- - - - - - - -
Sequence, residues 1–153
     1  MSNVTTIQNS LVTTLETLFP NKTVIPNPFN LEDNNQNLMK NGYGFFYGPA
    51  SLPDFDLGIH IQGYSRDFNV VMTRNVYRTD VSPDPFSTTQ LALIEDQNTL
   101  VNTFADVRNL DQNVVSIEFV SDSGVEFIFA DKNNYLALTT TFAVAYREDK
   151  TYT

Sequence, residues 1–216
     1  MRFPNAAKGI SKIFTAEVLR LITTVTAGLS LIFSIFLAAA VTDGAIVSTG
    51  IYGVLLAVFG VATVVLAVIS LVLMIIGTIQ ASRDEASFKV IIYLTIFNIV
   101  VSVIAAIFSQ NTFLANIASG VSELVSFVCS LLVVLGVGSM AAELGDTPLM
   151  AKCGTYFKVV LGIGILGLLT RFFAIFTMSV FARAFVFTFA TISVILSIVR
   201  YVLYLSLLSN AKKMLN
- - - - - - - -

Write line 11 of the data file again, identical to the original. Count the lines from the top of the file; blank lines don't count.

   201  YVLYLSLLSN AKKMLN